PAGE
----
Difference between revisions of "Buchholz's ψ functions"

Buchholz's $$\psi$$ functions are a hierarchy of single-argument ordinal functions $$(\psi _{\nu }:On\rightarrow On)_{\nu\le\omega}$$ introduced by German mathematician Wilfried Buchholz's in 1981.

Basic Notions

Small Greek letters always denote ordinals. Each ordinal $$\alpha$$ is identified with the set of its predecessors $$\alpha=\{\beta|\beta<\alpha\}$$.

$$On$$ denotes the class of all ordinals.

We define $$\Omega_0=1$$ and $$\Omega_{\nu}=\aleph_{\nu}$$ for $$\nu>0$$.

An ordinal $$\alpha$$ is an additive principal number if $$\alpha>0$$ and $$\xi+\eta<\alpha$$ for all $$\xi,\eta<\alpha$$. Let $$P$$ denote the set of all additive principal numbers i.e.

$$P=\{\alpha\in On|0<\alpha\wedge\forall\xi,\eta<\alpha(\xi+\eta\in\alpha)\}=\{\omega^\beta|\beta\in On\}$$

For every $$\alpha\notin P$$ there exist unique set $$P(\alpha)=\{\alpha_1, \alpha_2, ... ,\alpha_n\}$$ such that $$\alpha=\alpha_1+\alpha_2+ \cdots+\alpha_n$$ and $$\alpha>\alpha_1\geq\alpha_2\geq \cdots\geq\alpha_n$$ and $$\alpha_1, \alpha_2, ... ,\alpha_n\in P$$

$$\alpha=_{NF}\alpha_1+\alpha_2+\cdots+\alpha_n$$ iff $$\alpha=\alpha_1+\alpha_2+\cdots+\alpha_n$$ and $$\alpha_1\geq\alpha_2\geq\cdots\geq\alpha_n$$ and $$\alpha_1,\alpha_2,...,\alpha_n\in P$$

Definition

Buchholz's $$\psi$$ function is defined as follows:

• $$C_\nu^0(\alpha) = \Omega_\nu$$,
• $$C_\nu^{n+1}(\alpha) = C_\nu^n(\alpha) \cup \{\gamma | P(\gamma) \subseteq C_\nu^n(\alpha)\} \cup \{\psi_\mu(\xi) | \xi \in \alpha \cap C_\nu^n(\alpha) \wedge \xi \in C_\mu(\xi) \wedge \mu \leq \omega\}$$,
• $$C_\nu(\alpha) = \bigcup_{n < \omega} C_\nu^n (\alpha)$$,
• $$\psi_\nu(\alpha) = \min\{\gamma | \gamma \not\in C_\nu(\alpha)\}$$,

In other words $$\psi_\nu(\alpha)$$ is the least ordinal number which cannot be generated from ordinals less than $$\Omega_\nu$$ by applying of addition and the functions $$\psi_{\mu}(\eta)$$ with $$\eta < \alpha$$ and $$\mu \le \omega$$.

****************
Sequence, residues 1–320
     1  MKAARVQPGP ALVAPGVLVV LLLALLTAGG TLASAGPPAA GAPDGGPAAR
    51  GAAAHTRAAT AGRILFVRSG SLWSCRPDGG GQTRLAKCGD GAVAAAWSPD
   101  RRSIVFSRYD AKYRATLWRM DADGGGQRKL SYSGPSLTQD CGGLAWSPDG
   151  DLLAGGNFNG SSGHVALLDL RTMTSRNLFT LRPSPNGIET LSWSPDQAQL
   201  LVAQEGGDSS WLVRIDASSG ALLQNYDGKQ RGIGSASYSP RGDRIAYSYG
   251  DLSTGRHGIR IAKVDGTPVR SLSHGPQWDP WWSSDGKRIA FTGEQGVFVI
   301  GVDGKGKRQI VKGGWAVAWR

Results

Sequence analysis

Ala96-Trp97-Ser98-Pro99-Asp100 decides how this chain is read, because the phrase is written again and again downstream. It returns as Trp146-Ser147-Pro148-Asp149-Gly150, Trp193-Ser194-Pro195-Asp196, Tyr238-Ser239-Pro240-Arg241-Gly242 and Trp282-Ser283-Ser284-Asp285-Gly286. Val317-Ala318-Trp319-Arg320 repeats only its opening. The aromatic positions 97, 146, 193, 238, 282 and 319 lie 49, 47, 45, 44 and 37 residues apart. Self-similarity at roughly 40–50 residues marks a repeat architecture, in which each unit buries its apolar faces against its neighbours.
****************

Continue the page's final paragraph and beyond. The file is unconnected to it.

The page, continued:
We define $$\alpha=_{NF}\psi_\nu(\beta)$$ iff $$\alpha=\psi_\nu(\beta)$$ and $$\beta\in C_\nu(\beta)$$

Properties

Buchholz showed following properties of those functions:

• $$\psi_\nu(0)=\Omega_\nu$$,
• $$\psi_\nu(\alpha)\in P$$,
• $$\psi_\nu(\alpha+1)=\text{min}\{\gamma\in P| \psi_\nu(\alpha)<\gamma\}\text{ if }\alpha\in C_\nu(\alpha)$$,
• $$\Omega_\nu\le\psi_\nu(\alpha)<\Omega_{\nu+1}$$,
• $$\alpha\le\beta\Rightarrow\psi_\nu(\alpha)\le\psi_\nu(\beta)$$,
• $$\psi_0(\alpha)=\omega^\alpha \text{ if }\alpha<\varepsilon_0$$,
• $$\psi_\nu(\alpha)=\omega^{\Omega_\nu+\alpha} \text{ if }\alpha<\varepsilon_{\Omega_\nu+1} \text{ and } \nu\neq 0$$.

Fundamental sequences

The fundamental sequence for an ordinal number $$\alpha$$ with cofinality $$\text{cof}(\alpha)=\beta$$ is a strictly increasing sequence $$(\alpha[\eta])_{\eta<\beta}$$ with length $$\beta$$ and with limit $$\alpha$$, where $$\alpha[\eta]$$ is the $$\eta$$-th element of this sequence.

We define the set $$T$$ consisting of zero and all ordinals expressible using Buchholz's function and the operation of addition

1. $$0 \in T$$
2. if $$\alpha=_{NF}\alpha_1+\alpha_2+\cdots+\alpha_n$$ and $$\alpha_1,\alpha_2,...,\alpha_n\in T$$ then $$\alpha \in T$$
3. if $$\alpha=_{NF}\psi_\nu(\beta)$$ and $$\nu,\beta\in T$$ and $$\nu\le\omega$$ then $$\alpha \in T$$

For nonzero ordinals $$\alpha\in T$$ we define the fundamental sequences as follows:

1. if $$\alpha=\alpha_1+\alpha_2+\cdots+\alpha_n$$ then $$\text{cof} (\alpha)= \text{cof} (\alpha_n)$$ and $$\alpha[\eta]=\alpha_1+\alpha_2+\cdots+(\alpha_n[\eta])$$
2. if $$\alpha=\psi_0(0)$$ or $$\alpha=\psi_{\nu+1}(0)$$ then $$\operatorname{cof}(\alpha)=\alpha$$ and $$\alpha[\eta]=\eta$$
3. if $$\alpha=\psi_\omega(0)$$ then $$\operatorname{cof}(\alpha)=\omega$$ and $$\alpha[\eta]=\psi_\eta(0)$$
4. if $$\alpha=\psi_{\nu}(\beta+1)$$ then $$\operatorname{cof}(\alpha)=\omega$$ and $$\alpha[\eta]=\psi_{\nu}(\beta)\cdot \eta$$
5. if $$\alpha=\psi_{\nu}(\beta)$$ and $$\operatorname{cof}(\beta)\in\{\omega\}\cup\{\Omega_{\mu+1}\mid\mu<\nu\}$$ then $$\operatorname{cof}(\alpha)=\operatorname{cof}(\beta)$$ and $$\alpha[\eta]=\psi_{\nu}(\beta[\eta])$$
6. if $$\alpha=\psi_{\nu}(\beta)$$ and $$\operatorname{cof}(\beta)\in\{\Omega_{\mu+1}\mid\mu\geq\nu\}$$ then $$\operatorname{cof}(\alpha)=\omega$$ and $$\alpha[\eta]=\psi_\nu(\beta[\gamma[\eta]])$$ where $$\gamma[0]=\Omega_\mu$$ and $$\gamma[\eta+1]=\psi_\mu(\beta[\gamma[\eta]])$$